6.2/10. A lot about reconciliation here, for the team as a whole, and for the people within its orbit. Unfortunately, really only one (maybe one and a half) of the stories about it was any good.
Coach Taylor going to great lengths to try to get his wife to sleep with him started out as mildly interesting, if only for the fact that couples resuming their sex lives after pregnancy isn't a topic that many shows have previously explored. The problem is that FNL's take on that story was basically a sitcom, where Coach Taylor has American Pie like schemes to prime his wife for love only to be frustrated at every turn and received less-than-helpful tips from busybodies like Coach Mac. There's the theme of reconciliation and getting back to normal there, but it's couched in such dumb TGIF stuff.
Similarly, the one silver lining to the dull-as-dishwater story of Jason, Tim, and Lyla in Mexico is that it quarantines their terrible performances away from the rest of the show. In fairness, Tim's speech about how he would knock Jason out and take him back to Dillon if he had to was the best and most emotive we've seen him on the show so far, and it was frankly the one bright spot in this bore of a storyline. In keeping with the themes of the episode, I take it this was supposed to be about the three of them getting back to normal as well, but the weird dance scene where Lyla kisses both of them and then says she has to go pray was just strange, and Jason's stunt of diving into the water was equally odd. I guess you can read it as him trying to enjoy freedom again, to make his own choices no matter what anyone says, and when he has the mildest near-death experience ever, it convinces him that he's not willing to risk his life for this, but it is, again, a pretty dumb way to dramatize that idea.
The Tyra/Landry story continues to feel completely wrong at a macro level and completely right on a micro level. This entire storyline feels torn from Dexter or something, and the twist that Landry's dad is a cop who suspects Lyla's involved and tells her to stay away from his son is the kind of ridiculous and convenient plot development Dexter would do in its late-season ignominy. From a plot perspective, this whole thing is ridiculous. But from a pure character interaction perspective, every scene between Landry and Tyra is pretty damn great. Tyra's "cruel to be kind" moment with Landry when she lies (at least I think it's a lie) and tells him she'd never have been with him if it weren't for the killing is devastating in just the right way, and Landry's expression says everything that needs to be said.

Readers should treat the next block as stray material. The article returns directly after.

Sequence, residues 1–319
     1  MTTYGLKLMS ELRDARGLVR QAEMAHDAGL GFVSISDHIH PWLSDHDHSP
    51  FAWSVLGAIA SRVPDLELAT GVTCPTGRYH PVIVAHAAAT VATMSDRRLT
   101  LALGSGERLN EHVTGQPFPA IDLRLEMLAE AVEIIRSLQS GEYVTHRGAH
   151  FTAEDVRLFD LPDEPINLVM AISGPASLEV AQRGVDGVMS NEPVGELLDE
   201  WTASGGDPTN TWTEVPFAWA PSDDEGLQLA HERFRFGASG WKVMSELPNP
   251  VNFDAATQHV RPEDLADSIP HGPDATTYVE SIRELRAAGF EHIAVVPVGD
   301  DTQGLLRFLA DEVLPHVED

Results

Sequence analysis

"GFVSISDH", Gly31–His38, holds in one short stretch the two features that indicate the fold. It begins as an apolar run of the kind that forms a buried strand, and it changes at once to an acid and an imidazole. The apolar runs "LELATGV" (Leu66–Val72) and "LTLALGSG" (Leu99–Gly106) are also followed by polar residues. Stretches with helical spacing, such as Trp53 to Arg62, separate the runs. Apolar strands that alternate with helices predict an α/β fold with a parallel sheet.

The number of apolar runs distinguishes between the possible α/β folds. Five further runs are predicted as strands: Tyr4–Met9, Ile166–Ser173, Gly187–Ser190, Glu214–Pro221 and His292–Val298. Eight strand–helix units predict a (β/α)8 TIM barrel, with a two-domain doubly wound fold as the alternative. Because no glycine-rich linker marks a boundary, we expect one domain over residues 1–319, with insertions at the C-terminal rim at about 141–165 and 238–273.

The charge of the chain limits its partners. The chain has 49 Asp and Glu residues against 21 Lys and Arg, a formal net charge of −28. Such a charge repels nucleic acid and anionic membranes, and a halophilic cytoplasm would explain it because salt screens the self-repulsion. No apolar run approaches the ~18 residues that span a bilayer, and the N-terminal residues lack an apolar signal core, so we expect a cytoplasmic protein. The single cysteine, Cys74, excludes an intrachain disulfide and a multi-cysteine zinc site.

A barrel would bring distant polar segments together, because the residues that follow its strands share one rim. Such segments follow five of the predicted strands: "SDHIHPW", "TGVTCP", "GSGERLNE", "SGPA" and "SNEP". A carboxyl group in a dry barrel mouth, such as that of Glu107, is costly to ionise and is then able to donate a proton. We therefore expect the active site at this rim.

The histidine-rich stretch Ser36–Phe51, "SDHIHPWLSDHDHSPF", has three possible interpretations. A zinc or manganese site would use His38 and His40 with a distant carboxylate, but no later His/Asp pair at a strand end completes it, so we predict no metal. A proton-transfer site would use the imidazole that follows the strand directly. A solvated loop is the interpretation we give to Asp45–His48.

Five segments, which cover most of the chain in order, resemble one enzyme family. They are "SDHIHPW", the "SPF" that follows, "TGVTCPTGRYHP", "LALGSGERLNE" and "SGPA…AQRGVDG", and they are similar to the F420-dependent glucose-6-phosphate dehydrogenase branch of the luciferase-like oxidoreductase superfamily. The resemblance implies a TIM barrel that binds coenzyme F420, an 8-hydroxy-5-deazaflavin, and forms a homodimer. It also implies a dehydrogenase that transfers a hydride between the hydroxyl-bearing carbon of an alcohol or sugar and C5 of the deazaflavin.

That leads nicely into the one and a half stories in the episode that work. The story of Coach getting the team on the same page and realizing that they need to hang together to succeed worked in showing the outside the box thinking and unique way Coach Taylor operates that allows him to get through to these kids in a way that Coach McGregor couldn't. Having the lineman and backs switch positions and have some fun out there was a nice way to break the team out of their funk. Benching Smash and Matt to prove his point, and letting a scrub like Landry give the inspiring halftime speech is that same sort of unorthodox management that makes Coach Taylor feel perfectly tuned to this group. Plus, while many of the football scenes in this show hew toward the cheesy and unrealistic, the fact that Landry's great success on the field was making a good tackle as a Tight End after an interception had been thrown and getting a pass interference call was some nice forebearance on the part of the show. (Plus I loved the fact that Coach kept calling him Lance, in a nod to last season.)
And then there's the best storyline in the show, where we find out that Matt's frustrations with Coach, with Smash, and with Julie, all have basically the same motivation -- the sense that he and his team have just been used as stepping stones to something better. It's a nice way to motivate his anger in all directions, and the way it led to him making peace with Smash, and not getting pushed around by Julie were great. Matt's scene with Tami in particular, where she can't exactly tell Matt not to date her daughter but encourages him to think about his own heart and what his trust is worth was also great, and the way it culminated in the moment with Julie where Matt finally pushes back on her bad behavior toward him as superb. This season has been fairly light on the Matt stuff beyond the kind of tedious budding love story between him and his grandmother's nurse, but this went a long way toward redeeming his path this year.